Do you ever notice how things just appear in your life and then they reappear and reappear? Well lavender has had that haunting effect on me. I’d always seen it mentioned on some health sites. But then it found its way into a book I was reading (and a warning I tend to take on things from stories or they spurn new research), as the Native American grandmother owned a lavender farm. So the scent and healing qualities of lavender were pushed at me and I began to take on a nostalgic yearning to learn about lavender, to have it around. When it was time to buy dinner candles I finally had an excuse to purchase the lavender scent I’d been overdosing myself on anytime I went to the store and hit up a smell-good aisle. Next my dear friend little Mary gave me a bar of soap in my care package, but not just any soap, lavender soap. That was it, I had to take the plunge and feed my lavender desire and find out what’s really the deal. Here we, some fun/beneficial facts about lavender so you too can become a lavender lush:
- Your hair loves lavender oil, especially for pesky dandruff and to fight the flake
- polyphenols in lavender can help combat the bad bacteria in the gut (remember our posts on flora, a gut dominant with good flora fights infection and disease)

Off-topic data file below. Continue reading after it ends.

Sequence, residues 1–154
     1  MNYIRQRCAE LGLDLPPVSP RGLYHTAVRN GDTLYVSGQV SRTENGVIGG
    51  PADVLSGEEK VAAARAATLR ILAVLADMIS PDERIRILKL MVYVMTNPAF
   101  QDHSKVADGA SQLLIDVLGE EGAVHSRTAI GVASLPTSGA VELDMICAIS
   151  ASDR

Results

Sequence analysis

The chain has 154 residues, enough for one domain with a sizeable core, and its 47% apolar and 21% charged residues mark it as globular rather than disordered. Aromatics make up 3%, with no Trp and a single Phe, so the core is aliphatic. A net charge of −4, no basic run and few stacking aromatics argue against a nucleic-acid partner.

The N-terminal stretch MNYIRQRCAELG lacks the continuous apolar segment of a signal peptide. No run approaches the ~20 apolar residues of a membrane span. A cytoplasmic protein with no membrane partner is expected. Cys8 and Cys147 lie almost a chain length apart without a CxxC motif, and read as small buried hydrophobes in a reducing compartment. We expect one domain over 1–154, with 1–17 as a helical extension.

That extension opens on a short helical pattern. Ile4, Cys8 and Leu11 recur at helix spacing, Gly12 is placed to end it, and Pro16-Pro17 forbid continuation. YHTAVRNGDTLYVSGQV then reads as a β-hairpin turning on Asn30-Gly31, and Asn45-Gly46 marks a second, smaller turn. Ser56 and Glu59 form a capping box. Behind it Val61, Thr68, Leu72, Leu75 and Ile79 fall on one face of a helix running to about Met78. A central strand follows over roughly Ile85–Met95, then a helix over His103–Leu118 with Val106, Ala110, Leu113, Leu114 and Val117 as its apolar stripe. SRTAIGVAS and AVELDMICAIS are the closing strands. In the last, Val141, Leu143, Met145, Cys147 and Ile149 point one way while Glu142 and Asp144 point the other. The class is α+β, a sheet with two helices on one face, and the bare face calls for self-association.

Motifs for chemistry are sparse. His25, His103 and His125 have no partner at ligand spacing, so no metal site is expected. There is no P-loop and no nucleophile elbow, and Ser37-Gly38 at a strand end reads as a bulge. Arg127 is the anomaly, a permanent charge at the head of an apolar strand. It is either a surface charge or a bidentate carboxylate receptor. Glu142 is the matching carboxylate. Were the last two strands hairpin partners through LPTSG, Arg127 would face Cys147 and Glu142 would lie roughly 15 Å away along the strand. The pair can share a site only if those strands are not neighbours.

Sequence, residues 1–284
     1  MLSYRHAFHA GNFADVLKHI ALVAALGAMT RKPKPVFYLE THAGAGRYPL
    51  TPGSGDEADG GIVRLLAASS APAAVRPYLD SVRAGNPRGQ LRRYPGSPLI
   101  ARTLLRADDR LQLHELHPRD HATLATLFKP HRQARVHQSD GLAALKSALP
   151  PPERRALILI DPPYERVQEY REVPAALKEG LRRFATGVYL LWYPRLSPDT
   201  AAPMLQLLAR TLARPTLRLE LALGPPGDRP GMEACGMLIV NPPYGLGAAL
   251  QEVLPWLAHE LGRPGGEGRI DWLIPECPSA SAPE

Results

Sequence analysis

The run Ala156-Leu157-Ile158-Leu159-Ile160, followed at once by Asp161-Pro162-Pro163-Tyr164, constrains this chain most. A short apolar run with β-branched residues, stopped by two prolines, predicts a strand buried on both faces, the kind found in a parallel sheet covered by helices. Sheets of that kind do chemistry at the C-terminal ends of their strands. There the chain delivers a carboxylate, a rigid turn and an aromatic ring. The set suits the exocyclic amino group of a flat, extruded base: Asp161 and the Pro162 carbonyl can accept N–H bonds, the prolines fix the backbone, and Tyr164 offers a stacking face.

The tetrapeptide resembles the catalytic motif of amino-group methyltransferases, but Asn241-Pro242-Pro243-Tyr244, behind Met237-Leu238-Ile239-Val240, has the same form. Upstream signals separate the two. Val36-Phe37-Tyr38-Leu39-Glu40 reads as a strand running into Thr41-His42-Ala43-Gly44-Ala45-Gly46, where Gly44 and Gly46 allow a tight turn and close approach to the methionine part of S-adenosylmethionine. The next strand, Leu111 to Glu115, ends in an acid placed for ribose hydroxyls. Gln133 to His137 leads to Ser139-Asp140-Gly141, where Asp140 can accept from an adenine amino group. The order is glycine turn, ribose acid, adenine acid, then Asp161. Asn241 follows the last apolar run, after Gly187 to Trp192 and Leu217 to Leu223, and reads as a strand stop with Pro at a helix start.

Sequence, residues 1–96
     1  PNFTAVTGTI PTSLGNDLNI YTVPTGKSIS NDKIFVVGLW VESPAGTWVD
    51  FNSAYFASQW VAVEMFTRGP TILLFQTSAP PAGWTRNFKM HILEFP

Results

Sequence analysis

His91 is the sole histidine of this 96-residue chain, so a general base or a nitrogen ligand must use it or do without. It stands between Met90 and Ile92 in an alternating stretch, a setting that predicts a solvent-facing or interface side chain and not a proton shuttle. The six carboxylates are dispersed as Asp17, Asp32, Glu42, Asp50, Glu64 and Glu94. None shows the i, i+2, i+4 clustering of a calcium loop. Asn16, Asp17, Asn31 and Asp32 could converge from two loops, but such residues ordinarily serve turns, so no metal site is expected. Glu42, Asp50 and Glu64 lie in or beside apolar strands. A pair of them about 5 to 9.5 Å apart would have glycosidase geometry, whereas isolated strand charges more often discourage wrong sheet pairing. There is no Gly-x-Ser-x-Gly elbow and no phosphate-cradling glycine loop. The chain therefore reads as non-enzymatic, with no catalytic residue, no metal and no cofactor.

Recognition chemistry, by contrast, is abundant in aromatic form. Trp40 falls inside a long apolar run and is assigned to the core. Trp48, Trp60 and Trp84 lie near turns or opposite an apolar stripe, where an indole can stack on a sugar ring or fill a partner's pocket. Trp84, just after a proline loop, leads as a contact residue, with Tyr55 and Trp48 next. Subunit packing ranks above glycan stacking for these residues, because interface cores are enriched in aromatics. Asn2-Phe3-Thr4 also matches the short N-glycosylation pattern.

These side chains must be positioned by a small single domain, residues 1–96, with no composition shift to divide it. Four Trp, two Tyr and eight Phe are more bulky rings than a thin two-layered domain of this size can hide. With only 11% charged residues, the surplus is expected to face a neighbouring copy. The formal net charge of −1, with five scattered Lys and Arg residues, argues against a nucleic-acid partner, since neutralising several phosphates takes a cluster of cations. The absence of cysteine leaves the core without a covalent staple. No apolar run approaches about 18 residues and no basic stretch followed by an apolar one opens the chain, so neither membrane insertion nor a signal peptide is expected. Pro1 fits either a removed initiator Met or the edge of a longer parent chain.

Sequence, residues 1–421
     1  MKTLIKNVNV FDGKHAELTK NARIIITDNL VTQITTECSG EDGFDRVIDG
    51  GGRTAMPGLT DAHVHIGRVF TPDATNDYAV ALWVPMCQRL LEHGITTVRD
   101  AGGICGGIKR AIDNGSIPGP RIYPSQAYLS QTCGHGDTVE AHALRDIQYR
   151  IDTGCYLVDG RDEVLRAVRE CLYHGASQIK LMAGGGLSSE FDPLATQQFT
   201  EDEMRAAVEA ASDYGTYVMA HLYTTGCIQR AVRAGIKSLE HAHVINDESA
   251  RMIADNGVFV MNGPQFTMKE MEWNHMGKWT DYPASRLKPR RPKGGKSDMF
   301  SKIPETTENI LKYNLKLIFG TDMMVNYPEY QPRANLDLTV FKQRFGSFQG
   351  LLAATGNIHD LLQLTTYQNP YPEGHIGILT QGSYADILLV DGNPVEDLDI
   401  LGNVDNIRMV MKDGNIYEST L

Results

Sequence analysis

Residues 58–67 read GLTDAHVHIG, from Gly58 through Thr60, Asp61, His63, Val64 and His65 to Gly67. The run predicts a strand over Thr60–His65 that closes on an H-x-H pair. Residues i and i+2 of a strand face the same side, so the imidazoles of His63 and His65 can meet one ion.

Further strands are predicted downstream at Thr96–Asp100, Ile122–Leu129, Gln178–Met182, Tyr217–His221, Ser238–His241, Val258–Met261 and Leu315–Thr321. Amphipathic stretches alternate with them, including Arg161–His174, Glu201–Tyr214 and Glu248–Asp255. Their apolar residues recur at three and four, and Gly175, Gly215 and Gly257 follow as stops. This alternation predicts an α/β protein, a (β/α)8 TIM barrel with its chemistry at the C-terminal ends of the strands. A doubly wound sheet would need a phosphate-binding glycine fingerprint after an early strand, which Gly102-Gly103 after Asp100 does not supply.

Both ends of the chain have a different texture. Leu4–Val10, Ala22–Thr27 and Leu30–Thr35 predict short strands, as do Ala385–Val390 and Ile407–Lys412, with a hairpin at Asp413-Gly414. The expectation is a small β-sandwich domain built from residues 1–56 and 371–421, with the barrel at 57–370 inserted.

- Need to chill out? Turns out smelling lavender can put you in a relaxed state, lowering heart rate and blood pressure. Posts some up on your nightstand and say hello to sweet dreams!
- Anti-inflammatory, what a beautiful word! Go figure lavender also possesses this quality, making it great for that itch you’ve got or that redness or that bit of swelling.
- Put it in food, the phytonutrients will give you a boost, plus it adds a unique quality. Last year while I was in San Fransisco I picked up a lavender salt to use on the 4 dozen hard-boiled eggs that I had packed with me. Again I am a strange bird when it comes to seasonings, but I did rather enjoy it.
- Historical bits for all you cultural junkies like myself: until WWI it was used to disinfect wounds. The great English folk placed in the hats (bonnets) to prevent headaches and sunstroke. Hospitals used it to disinfect, as well as an antiseptic.
- Common uses today: anxiety, depression, mental exhaustion, insomnia, scrapes and wounds, digestive problems, headaches, skin problems and women’s health problems
Smell it, massage with it, eat it, the options are lengthy and extensive so enjoy!